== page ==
Here are the Bookish staff’s personal weekend reading recommendations; have you read any of them? Tell us in the comments what you’ll be reading this weekend! If you’re still looking for some inspiration, check out our Spring Previews for a look at the best books of the season.
It’s no secret that I love Mary Gaitskill, and I’m excited to be reading her new book The Mare. I was a little surprised when I first heard that Gaitskill was writing a new novel about a little girl and a horse (remember, this is the writer who brought the world the short story “Secretary”), but I was willing to roll with it. I really admire Gaitskill’s sharp prose style and the way that she writes her characters’ gestures in such a way that they seem to convey immense emotional significance. So far, I’m really loving this. —Elizabeth
I devoured the first two Neapolitan novels but have been holding off on starting the third, which takes place in the ’60s and ’70s, until I could be sure of having a full day to be immersed in it. What more can I add to the praise that’s already been heaped on this ferocious, perceptive storytelling? I’m looking forward to spending the weekend with this novel and a bottle of falanghina. —Anita
This is one of my favorite books ever. It’s the memoir of a suburban kid who grows up diving headfirst into obsessions—from becoming an astronaut to kung fu master to… jazz cellist. The book documents his late-teenage fall as a pot-head and his eventual clinical depression and existential angst. In short, Lost in Place has everything you need if you’re undergoing a transitional moment. —Luke
This week I had to confront one of my worst fears: I was stuck on a train without a book. What do non-readers do while riding the train? Sleep? Stare into space? Play Candy Crush? Thankfully, I didn’t have to resort to any of these back-up plans. I remembered that I had a copy of Eva Leigh’s newest historical romance on my phone and got to reading. The heroine of the book writes erotic novels under a scandalous penname, and her hero-to-be is a vicar. Their chemistry is unbelievable. At one point I swear steam was literally rising off the pages. —Kelly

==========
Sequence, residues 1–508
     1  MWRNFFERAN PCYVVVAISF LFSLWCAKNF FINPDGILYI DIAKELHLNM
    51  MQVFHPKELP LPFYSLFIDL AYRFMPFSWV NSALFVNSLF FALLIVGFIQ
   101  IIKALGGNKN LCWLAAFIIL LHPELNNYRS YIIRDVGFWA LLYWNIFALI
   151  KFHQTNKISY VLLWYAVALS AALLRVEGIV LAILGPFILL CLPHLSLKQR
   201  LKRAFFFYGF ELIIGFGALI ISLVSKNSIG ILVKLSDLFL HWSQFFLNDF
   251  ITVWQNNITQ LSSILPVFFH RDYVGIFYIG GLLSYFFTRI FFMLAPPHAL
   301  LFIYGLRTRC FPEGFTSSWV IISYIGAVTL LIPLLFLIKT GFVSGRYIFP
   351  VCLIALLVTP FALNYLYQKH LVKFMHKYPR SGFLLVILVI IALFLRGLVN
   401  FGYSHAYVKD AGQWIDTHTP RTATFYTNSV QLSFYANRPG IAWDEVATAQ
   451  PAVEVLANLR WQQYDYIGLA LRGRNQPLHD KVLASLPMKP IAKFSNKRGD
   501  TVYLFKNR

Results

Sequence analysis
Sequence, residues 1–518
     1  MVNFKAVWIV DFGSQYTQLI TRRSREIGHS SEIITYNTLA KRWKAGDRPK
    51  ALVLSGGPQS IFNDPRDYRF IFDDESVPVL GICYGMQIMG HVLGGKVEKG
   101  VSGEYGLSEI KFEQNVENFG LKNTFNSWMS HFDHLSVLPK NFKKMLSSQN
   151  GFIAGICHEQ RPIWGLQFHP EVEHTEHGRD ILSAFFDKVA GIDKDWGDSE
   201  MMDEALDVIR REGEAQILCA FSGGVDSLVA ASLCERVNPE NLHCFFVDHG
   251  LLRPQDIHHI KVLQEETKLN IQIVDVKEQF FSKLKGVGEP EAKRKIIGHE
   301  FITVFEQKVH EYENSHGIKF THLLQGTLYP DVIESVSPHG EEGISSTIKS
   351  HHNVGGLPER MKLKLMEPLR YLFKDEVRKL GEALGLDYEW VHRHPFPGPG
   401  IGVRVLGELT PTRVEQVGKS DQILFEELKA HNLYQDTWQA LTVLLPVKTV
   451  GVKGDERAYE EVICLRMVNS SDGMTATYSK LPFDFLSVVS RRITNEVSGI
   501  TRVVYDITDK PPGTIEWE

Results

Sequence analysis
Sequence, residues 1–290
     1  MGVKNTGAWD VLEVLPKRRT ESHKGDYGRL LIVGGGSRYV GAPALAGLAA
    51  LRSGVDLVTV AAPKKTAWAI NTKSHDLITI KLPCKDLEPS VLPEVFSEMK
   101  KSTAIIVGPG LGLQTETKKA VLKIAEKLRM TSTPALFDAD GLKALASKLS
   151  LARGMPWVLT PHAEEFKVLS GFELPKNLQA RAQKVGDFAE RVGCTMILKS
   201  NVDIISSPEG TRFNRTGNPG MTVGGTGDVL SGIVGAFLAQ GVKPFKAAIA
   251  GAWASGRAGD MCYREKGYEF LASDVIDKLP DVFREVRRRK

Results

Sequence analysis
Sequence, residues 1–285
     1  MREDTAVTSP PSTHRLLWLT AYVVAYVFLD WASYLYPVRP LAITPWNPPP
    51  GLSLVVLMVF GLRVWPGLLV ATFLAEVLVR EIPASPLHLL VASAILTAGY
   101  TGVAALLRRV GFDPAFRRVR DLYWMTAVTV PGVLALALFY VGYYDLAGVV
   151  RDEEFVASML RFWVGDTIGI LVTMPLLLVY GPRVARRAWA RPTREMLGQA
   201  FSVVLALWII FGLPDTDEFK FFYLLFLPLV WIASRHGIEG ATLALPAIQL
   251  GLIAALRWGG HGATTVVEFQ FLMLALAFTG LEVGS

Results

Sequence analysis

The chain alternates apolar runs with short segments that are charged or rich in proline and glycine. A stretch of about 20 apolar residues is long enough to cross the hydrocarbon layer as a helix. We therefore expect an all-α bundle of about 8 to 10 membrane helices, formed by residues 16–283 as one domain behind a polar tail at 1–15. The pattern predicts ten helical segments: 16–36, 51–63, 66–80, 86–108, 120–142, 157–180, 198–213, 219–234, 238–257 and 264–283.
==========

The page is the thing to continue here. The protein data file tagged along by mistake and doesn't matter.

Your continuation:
This book rules! Early this century, while still in high school, Leon Neyfakh organized a small, slapdash concert in a suburban Chicago Unitarian church featuring a guitarist friend he’d met at summer camp and the friend’s 16-year-old white Milwaukee rapper buddy Juiceboxxx (his stage name, needless to say). Bespectacled Juiceboxxx, skinny with a “terrible haircut,” gave a supernova performance. Cursing, hanging from a ceiling beam, diving into the crowd with his glasses flying off, Juiceboxxx imprinted on studious Neyfakh, seeming the very essence of the instinctual artist, nerdiness and zits notwithstanding. A dozen years later, their paths crossed again, in New York. Neyfakh was a brainy Slate reporter. Juiceboxxx was a musically omnivorous ever-striving troubadour, couch-surfing coast to coast, and no joke artistically. Career highlight? Opening for Public Enemy in Canada (Chuck D called him “the Buddy Holly of hip-hop”). Neyfakh’s reconnection with Juiceboxxx powers this marvelously written, memory-stirring, hilarious story. Neyfakh meditates on the artist’s life, eccentricity, youth, music, subcultures, pop culture, inspiration, and more. Plus you get to know Juiceboxxx. You might even find yourself Googling his videos. —Phil
History and historical biography are two of the most popular nonfiction genres. This book combines both, telling the history of WWII while delivering an interesting and important story. —Bob